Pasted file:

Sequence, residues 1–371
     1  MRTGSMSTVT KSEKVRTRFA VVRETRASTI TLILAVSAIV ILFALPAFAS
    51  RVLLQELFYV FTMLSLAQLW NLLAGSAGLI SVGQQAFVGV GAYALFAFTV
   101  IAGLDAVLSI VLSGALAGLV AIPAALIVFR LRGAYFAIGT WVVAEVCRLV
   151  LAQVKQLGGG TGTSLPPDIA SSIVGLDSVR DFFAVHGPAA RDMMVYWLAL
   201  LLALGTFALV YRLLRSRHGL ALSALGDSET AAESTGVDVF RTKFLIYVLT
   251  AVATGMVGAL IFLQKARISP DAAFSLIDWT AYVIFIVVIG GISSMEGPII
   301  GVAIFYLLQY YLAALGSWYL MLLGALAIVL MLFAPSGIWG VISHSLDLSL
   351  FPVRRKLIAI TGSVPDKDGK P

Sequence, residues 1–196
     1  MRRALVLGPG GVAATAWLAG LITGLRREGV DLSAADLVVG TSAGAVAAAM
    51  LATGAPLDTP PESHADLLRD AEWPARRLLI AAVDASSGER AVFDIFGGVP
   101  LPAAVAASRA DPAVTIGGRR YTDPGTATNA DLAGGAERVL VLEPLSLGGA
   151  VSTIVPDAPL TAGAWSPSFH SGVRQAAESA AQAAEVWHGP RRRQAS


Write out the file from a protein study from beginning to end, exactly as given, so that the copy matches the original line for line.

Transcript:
Sequence, residues 1–371
     1  MRTGSMSTVT KSEKVRTRFA VVRETRASTI TLILAVSAIV ILFALPAFAS
    51  RVLLQELFYV FTMLSLAQLW NLLAGSAGLI SVGQQAFVGV GAYALFAFTV
   101  IAGLDAVLSI VLSGALAGLV AIPAALIVFR LRGAYFAIGT WVVAEVCRLV
   151  LAQVKQLGGG TGTSLPPDIA SSIVGLDSVR DFFAVHGPAA RDMMVYWLAL
   201  LLALGTFALV YRLLRSRHGL ALSALGDSET AAESTGVDVF RTKFLIYVLT
   251  AVATGMVGAL IFLQKARISP DAAFSLIDWT AYVIFIVVIG GISSMEGPII
   301  GVAIFYLLQY YLAALGSWYL MLLGALAIVL MLFAPSGIWG VISHSLDLSL
   351  FPVRRKLIAI TGSVPDKDGK P

Sequence, residues 1–196
     1  MRRALVLGPG GVAATAWLAG LITGLRREGV DLSAADLVVG TSAGAVAAAM
    51  LATGAPLDTP PESHADLLRD AEWPARRLLI AAVDASSGER AVFDIFGGVP
   101  LPAAVAASRA DPAVTIGGRR YTDPGTATNA DLAGGAERVL VLEPLSLGGA
   151  VSTIVPDAPL TAGAWSPSFH SGVRQAAESA AQAAEVWHGP RRRQAS